Get a life in which you notice the smell of salt water pushing itself on a breeze at the seaside, a life in which you stop and watch how a red-tailed hawk circles over the water, or the way a baby scowls with concentration when she tries to pick up a sweet with her thumb and first finger.

Get a life in which you are not alone. Find people you love, and who love you. And remember that love is not leisure, it is work. Pick up the phone. Send an email. Write a letter. Get a life in which you are generous. And realize that life is the best thing ever, and that you have no business taking it for granted.

Care so deeply about its goodness that you want to spread it around. Take money you would have spent on beer and give it to charity. Work in a soup kitchen. Be a big brother or sister. All of you want to do well. But if you do not do good too, then doing well will never be enough.

It is so easy to waste our lives, our days, our hours, and our minutes.  It is so easy to take for granted the colour of our kids' eyes, the way the melody in a symphony rises and falls and disappears and rises again.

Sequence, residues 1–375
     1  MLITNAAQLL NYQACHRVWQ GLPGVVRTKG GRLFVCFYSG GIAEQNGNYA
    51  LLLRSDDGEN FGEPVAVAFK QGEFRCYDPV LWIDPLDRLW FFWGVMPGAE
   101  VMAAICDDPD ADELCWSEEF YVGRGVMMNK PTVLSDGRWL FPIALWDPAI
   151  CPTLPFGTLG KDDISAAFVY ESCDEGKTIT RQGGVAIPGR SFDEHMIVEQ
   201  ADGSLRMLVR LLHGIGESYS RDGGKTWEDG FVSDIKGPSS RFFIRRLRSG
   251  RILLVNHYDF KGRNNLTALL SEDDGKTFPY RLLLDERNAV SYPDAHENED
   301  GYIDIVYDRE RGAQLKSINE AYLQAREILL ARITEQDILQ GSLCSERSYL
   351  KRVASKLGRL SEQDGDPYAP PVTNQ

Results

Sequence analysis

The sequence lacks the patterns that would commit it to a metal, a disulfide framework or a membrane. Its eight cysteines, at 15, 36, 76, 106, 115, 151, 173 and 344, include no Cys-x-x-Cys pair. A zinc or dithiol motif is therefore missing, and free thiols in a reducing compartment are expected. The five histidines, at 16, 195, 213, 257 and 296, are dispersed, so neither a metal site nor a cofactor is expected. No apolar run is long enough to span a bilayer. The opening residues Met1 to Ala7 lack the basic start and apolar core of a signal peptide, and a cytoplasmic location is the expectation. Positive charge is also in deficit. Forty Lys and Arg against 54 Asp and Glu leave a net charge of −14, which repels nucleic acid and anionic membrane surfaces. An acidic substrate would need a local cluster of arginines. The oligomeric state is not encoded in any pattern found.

It is so easy to exist instead of to live.

I learned to live many years ago. I learned to love the journey, not the destination.
I learned that it is not a dress rehearsal, and that today is the only guarantee you get.
I learned to look at all the good in the world and try to give some of it back because I believed in it, completely and utterly.

And I tried to do that, in part, by telling others what I had learned. By telling them this: Consider the lilies of the field. Look at the fuzz on a baby's ear.

Read in the back yard with the sun on your face.

Learn to be happy. And think of life as a terminal illness, because if you do, you will live it with joy and passion as it ought to be lived".


Maybe it has something to do with the tremendous human tragedy in Japan.  The sheer horror of the images on TV ... Last week this time, their lives were 'business as usual'; just like ours are today.  I feel profoundly changed by what has confronted us since last friday, the 11th March, 2011.